BOXING / TIM KAWAKAMI : After Two Months, De La Hoya Rediscovers the Excitement


The last time he was in camp, Oscar De La Hoya was on the fast track to collapse.

He was confused, cranky and either crazed by greed and his desire to be a movie star or courageously trying to extricate himself from a situation that had become too difficult to bear.

Not exactly a portrait of impending greatness, either way.

Since then, he has shed his old management team, canceled a fight, taken a two-month break from boxing, decided never to let any outsider make his career decisions and, to the shock of many, returned to his usual Big Bear training camp looking like a world-class fighter and acting like a grown-up.

There’s apparently nothing like a major dose of bad publicity and agreeing to dole out about $1 million of his future earnings to rid himself of Steve Nelson and Bob Mittleman, to prepare a fighter for the real world of boxing.


De La Hoya, who turned 21 on Feb. 4, seems to be handling his March 5 World Boxing Organization junior-lightweight title bout against Jimmi Bredahl at the new Olympic Auditorium as though it were his first fight, not an audition for some future movie role.

“I’ve only seen him like this once before, when he was training for his pro debut,” trainer Robert Alcazar said. “He’s like a kid with a new toy. He’s excited, he just can’t wait for the day.”

De La Hoya checked into camp at 138, eight pounds over the junior-lightweight limit. The 5-foot-11 De La Hoya has never made 130 in his professional career, never trained at anything much less than 133, and always was considered a more natural 135- or 140-pounder. And this time, he was coming in after not having fought since Oct. 30.

What happened? Training with the heat blasting to sauna levels, De La Hoya dropped to 133 faster than anybody, maybe even himself, expected, and the last few days, according to Alcazar, has weighed 131 immediately after his early evening, pre-dinner sessions.

Suddenly, De La Hoya, known to sneak a snack or two to his room in the middle of training, seems to have learned discipline. Last week, a birthday cake from HBO sat on his refrigerator, untouched.

Now, some are asking if he is too light, peaking too soon.

“We’re ahead of schedule, but it’s good,” said Alcazar, who wants to break camp two days before the fight with De La Hoya weighing 128, giving him some leeway once the distractions of home re-enter his life.


Those distractions--the push and pull of his family, his business associates and his boxing advisers--are what threatened to derail De La Hoya only two months ago.

But he says he has uncluttered the chain of command and taken responsibility.

“I guess I’m getting overanxious,” De La Hoya said, explaining his weight loss. “I want to get to it right away and prove to people that first of all, I can make the weight, and second of all, I’m going to be strong and win the title.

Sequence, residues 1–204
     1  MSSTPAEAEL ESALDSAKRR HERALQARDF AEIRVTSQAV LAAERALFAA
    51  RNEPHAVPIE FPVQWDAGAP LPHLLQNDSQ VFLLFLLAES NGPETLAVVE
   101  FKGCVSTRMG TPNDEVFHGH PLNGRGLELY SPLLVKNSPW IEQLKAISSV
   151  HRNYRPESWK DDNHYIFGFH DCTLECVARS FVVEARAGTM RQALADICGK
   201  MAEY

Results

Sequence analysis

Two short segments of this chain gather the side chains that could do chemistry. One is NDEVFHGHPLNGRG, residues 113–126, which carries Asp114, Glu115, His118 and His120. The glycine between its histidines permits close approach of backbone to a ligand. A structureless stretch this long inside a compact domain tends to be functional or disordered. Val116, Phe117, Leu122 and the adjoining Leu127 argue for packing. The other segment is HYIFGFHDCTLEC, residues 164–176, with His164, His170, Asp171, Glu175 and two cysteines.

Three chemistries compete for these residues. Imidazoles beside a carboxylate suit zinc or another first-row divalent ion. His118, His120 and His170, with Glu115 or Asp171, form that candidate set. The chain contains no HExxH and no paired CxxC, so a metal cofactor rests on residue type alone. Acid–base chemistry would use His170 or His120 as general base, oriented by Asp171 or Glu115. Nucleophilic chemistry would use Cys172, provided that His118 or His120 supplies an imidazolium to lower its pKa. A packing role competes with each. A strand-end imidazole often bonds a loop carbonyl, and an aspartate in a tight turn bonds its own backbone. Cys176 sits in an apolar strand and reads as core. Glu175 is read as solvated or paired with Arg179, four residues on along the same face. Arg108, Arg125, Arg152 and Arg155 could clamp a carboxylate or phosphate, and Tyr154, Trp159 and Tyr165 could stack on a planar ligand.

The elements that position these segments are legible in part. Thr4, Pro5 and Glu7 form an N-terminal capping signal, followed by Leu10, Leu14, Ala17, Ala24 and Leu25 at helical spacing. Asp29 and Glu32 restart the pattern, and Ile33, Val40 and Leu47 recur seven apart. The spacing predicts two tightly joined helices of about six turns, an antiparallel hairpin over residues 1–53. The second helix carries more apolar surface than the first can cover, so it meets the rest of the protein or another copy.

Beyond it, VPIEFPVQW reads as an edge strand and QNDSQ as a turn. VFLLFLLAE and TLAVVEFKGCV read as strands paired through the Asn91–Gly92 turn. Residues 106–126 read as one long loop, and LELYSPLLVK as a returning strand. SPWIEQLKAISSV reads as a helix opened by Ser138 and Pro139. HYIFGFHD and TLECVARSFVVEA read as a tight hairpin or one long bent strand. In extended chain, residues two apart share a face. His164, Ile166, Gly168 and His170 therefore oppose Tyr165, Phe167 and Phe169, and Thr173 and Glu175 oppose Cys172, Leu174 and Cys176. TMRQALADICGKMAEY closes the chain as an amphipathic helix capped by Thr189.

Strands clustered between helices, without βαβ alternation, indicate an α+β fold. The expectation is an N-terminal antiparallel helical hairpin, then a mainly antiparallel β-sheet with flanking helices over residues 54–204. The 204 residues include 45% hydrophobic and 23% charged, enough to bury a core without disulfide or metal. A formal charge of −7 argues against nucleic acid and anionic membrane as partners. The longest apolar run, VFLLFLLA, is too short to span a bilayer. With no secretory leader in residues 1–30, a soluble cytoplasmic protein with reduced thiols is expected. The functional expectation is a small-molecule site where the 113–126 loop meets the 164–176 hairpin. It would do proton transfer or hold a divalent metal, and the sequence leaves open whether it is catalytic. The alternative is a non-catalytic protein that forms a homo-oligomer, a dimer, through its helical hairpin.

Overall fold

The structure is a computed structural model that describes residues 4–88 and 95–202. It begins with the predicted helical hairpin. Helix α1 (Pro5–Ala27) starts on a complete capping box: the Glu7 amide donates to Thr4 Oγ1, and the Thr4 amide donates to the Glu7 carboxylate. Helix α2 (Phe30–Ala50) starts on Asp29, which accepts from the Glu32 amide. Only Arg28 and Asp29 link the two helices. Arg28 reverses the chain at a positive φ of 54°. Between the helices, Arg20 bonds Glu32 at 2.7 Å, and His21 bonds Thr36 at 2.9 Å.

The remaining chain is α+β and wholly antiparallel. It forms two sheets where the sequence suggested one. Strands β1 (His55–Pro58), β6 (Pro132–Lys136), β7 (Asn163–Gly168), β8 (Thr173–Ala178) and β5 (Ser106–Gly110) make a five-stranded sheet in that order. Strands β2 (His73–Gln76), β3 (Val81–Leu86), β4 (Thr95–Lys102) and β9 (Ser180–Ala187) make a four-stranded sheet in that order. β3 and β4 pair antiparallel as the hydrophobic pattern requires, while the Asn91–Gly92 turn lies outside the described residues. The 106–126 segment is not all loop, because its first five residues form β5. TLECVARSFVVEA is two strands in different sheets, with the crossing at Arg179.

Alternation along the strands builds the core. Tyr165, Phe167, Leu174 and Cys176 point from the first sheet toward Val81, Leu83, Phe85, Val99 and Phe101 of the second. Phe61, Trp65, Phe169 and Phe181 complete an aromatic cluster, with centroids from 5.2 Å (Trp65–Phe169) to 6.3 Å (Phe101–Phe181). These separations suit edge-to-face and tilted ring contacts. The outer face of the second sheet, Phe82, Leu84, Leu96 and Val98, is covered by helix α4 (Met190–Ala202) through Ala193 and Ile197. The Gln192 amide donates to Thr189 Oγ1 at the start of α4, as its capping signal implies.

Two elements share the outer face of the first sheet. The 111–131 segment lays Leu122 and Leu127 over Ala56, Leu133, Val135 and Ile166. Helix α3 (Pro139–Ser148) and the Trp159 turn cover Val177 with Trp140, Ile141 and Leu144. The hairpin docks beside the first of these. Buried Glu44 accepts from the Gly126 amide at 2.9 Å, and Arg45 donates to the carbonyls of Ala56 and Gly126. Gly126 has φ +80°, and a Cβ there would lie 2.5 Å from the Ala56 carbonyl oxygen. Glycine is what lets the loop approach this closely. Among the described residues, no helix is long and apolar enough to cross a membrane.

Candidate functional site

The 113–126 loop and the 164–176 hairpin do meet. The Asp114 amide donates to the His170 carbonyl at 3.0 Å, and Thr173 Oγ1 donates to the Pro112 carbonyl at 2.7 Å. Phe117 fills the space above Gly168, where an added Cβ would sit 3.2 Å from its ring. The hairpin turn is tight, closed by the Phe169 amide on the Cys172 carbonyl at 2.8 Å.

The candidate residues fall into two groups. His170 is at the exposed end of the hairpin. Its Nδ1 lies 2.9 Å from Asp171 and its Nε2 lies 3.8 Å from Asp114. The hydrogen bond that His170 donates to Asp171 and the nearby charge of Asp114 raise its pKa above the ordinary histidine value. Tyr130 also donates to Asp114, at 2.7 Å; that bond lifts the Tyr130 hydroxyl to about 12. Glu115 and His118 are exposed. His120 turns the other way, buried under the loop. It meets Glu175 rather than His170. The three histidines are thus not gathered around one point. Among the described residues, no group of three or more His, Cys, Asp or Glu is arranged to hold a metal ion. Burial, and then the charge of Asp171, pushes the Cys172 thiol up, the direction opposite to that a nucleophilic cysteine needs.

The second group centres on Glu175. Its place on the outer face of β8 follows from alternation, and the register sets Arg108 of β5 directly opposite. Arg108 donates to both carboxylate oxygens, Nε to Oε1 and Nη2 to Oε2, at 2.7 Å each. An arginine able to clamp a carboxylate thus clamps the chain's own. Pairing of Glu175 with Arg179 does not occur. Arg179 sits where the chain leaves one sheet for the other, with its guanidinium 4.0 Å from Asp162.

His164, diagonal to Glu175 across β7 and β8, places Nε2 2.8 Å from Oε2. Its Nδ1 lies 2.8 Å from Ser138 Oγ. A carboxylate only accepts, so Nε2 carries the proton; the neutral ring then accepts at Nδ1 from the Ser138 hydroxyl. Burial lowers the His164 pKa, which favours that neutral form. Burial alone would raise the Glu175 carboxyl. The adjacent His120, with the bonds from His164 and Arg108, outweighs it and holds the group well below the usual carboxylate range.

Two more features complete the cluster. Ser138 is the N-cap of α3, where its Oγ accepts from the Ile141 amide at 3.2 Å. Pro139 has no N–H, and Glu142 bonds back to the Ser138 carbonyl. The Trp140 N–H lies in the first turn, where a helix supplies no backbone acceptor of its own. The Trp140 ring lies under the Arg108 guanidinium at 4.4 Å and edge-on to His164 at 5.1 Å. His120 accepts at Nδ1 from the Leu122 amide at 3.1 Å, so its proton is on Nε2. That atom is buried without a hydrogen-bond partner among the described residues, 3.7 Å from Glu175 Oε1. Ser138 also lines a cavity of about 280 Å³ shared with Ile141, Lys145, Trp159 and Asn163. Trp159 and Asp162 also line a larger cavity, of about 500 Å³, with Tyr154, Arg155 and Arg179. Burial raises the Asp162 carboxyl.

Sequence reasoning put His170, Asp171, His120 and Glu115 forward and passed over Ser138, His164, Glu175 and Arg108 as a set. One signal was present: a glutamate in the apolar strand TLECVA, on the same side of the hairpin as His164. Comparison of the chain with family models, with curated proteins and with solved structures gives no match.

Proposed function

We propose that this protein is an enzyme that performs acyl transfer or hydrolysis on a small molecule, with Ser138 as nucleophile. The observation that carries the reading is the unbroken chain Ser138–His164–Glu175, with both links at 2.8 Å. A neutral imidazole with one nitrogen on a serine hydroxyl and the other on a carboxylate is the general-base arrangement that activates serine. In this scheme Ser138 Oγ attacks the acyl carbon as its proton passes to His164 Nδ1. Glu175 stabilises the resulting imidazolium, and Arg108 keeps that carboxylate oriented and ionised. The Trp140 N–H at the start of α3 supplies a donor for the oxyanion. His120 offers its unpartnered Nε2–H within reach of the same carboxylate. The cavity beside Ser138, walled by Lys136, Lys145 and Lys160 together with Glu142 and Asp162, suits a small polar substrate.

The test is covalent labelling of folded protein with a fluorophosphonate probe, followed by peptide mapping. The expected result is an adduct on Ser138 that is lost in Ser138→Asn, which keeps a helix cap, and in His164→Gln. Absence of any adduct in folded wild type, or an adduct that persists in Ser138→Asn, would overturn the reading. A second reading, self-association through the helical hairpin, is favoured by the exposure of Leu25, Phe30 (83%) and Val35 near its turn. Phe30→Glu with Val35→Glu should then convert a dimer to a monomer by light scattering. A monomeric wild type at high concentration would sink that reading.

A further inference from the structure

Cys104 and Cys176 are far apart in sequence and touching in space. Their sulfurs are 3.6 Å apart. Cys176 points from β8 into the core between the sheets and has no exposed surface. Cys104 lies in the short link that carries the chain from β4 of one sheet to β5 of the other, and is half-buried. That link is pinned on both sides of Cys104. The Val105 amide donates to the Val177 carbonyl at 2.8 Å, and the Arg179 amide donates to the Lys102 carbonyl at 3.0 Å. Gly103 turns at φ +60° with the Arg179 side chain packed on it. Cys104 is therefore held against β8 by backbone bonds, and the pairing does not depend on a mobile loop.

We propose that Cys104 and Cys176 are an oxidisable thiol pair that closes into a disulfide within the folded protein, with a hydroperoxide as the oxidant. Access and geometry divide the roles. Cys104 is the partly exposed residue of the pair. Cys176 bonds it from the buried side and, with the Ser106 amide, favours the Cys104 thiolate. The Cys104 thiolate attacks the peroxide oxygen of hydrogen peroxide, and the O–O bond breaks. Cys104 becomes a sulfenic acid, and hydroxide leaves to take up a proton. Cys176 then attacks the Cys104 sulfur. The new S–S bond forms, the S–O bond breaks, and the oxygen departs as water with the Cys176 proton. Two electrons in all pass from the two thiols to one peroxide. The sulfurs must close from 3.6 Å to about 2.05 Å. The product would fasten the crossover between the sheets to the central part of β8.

“I feel no pressure now. All I have to do is box and train, worry about nothing. When (Mittleman and Nelson) were here, there were just problems. They were bringing in their own team, own publicist, own lawyers, everything. . . .

“I wouldn’t say I’m my own manager now, but I’m on my own. I have my legal advice, my senior adviser and I have all these people who, when we have something to discuss, we all get together, kind of talk it over.

“It’s like a jury in some ways. It’s much better. Now, we don’t have people doing things behind our backs, doing things under the table.

“And I make the final decision.”

The key figure in the current arrangement appears to be local car dealer Mike Hernandez, a friend of the family who stepped in at the height of the crisis to settle De La Hoya down.


Hernandez is continuing as a senior adviser, and according to promoter Bob Arum, refuses to be paid more than $1 a fight while leaving De La Hoya’s training to Alcazar.

“He talks to us and he has no interest whatsoever in percentages or anything,” De La Hoya said of Hernandez. “He’s just there as a friend to maybe tell me a few things. The relationship we have is good.

“I trust him, he trusts me. We have good communication. It’s like a friend (advising) me.

“I could never really communicate (with Mittleman and Nelson). Something would always be bothering me, they were pressuring me into something, I would be unhappy--and they could see it, but I had no say in anything.”

Said Arum: “Luckily, he’s done what he promised, thrown everything at Hernandez, so he’s not distracted with it. The same vultures fly around all the time, and now they have to go through Hernandez, and that’s not easy.

“They look to me on the boxing promotion side, and they look to Hernandez on everything else.”

Assuming that De La Hoya defeats Bredahl and wins the WBO title, his new freedom from weight worries could open up new avenues. Until recently, the plan always was to win a quick junior-lightweight title, perhaps defend it, then climb to lightweight as soon as possible.


Now, De La Hoya is putting off the movie deals and considering staying at 130 and possibly winning one of the major junior-lightweight titles instead of rushing into the bigger divisions.

“It depends on the fight, how I feel,” De La Hoya said. “If I’m tired, if I feel weak, then I’ll just go up. If I feel strong and really feel overpowering, then I’ll stick around, no problem.”

Arum said it might do De La Hoya good to stay at 130 for a while, making sure his body is ready to take the shots of bigger fighters.

De La Hoya said he’d like to fight in May, possibly at the MGM Grand in Las Vegas, and his next HBO fight is set for July.

“The kid really has put all this other nonsense on the back burner,” Arum said. “I told him, ‘Oscar, I’ll keep you busy in boxing and we’ll keep making you rich.’ ”